Now the reason Baptist ecclesiology is essentially sectarian is this: Baptists claim that they alone have genuine baptism because they alone "scripturally" baptize; hence, they alone represent the "true" (i.e. biblical) church. They claim this even though for at least 1850 years, there have been those who disagree with their claims abut baptism. They claim this even though most of the theological giants of the Christian tradition were baptized as infants (by sprinkling or pouring, but that is another matter). And so, with this claim (even though they don't want to do so), they essentially unchurch the majority of the Christian tradition. That represents the basic sectarian position--and as someone who studies the Christian tradition, this seemed to me to be an untenable claim.

Thankfully, as I've already said, most Baptists don't act on their basic principles and live out this sectarian position (although I am always concerned to see my friends defending Landmarkism, which would lead to real sectarianism). But the big reason why I became Presbyterian was that the doctrine of the church seemed to open the doors of the church as wide as Christ himself does--all those who believe in Jesus Christ for salvation and who are baptized in line with Matthew 28:19-20 (which only requires a Trinitarian baptism) are my brothers and sisters in Christ. This affirms the larger body of Christ (John 17:21) and seems to me to represent the best (and most biblical) position. It also allows me to affirm my Baptist friends as brothers in Christ (and even invite them into my pulpit), even if they might look a little sideways at me.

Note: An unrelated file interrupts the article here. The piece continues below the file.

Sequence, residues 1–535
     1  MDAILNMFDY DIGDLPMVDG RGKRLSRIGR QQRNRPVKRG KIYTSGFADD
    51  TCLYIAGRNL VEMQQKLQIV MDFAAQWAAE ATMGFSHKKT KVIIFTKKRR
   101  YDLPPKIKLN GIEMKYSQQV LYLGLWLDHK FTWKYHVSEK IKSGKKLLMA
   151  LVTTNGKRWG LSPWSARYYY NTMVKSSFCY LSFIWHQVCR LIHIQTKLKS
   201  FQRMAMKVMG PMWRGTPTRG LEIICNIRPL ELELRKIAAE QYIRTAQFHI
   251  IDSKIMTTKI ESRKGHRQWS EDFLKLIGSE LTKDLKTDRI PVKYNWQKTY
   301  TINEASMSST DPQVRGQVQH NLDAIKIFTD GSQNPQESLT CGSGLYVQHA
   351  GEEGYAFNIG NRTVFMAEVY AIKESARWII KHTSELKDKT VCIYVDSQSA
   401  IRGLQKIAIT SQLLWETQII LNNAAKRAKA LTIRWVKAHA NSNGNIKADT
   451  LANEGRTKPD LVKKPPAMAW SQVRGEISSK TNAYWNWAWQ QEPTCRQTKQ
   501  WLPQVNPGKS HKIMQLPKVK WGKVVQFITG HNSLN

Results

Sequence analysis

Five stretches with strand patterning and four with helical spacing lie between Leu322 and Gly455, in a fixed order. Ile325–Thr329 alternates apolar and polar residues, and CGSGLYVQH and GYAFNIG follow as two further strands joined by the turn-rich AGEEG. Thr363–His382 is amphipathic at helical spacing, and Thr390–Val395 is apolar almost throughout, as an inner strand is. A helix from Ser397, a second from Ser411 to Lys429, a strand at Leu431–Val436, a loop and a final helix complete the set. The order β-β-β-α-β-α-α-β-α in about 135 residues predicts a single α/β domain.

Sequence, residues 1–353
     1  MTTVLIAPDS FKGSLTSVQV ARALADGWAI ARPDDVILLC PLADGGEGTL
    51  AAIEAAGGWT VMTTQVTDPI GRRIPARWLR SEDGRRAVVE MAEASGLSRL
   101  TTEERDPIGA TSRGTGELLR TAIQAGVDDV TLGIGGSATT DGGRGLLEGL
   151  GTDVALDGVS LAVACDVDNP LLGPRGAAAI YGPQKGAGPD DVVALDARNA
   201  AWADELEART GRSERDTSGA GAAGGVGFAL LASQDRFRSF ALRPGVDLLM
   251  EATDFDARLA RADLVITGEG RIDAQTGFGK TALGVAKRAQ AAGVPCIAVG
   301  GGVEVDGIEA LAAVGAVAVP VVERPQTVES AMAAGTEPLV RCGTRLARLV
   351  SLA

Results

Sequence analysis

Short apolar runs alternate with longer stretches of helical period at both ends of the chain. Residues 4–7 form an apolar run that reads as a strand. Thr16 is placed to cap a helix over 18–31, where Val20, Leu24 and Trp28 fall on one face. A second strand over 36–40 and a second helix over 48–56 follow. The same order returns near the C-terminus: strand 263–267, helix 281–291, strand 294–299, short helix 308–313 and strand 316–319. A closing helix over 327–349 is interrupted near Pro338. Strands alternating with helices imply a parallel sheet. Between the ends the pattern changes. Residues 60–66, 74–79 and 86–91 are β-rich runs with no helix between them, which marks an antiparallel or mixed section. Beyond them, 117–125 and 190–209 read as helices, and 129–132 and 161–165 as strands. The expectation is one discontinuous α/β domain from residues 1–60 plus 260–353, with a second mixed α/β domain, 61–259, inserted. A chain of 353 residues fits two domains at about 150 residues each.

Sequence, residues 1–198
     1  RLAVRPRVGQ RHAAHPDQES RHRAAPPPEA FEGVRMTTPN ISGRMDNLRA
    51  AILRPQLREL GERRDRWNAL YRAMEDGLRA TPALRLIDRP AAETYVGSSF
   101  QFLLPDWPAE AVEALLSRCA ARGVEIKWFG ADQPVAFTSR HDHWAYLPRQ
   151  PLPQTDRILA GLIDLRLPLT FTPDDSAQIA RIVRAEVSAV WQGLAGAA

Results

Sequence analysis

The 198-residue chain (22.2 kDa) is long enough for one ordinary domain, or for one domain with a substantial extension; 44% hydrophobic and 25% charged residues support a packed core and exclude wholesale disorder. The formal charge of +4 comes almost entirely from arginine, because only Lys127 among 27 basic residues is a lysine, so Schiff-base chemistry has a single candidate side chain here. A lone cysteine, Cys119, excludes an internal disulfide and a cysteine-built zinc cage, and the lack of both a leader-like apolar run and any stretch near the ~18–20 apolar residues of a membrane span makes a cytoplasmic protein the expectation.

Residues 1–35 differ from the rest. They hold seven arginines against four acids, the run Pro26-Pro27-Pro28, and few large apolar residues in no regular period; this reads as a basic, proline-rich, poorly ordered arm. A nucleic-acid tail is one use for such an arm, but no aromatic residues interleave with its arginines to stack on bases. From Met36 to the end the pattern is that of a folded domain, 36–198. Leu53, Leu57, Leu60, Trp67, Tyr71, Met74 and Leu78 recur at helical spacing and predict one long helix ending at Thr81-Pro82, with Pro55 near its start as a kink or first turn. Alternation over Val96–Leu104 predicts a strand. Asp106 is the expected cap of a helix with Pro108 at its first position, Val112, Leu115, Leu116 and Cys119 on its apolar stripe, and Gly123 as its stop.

Nathan Finn said...

Bro. Sean, if I ever serve as a permanent pastor, you can preach in my sectarian pulpit anytime you want. You just can't preach about the ordinances. :-P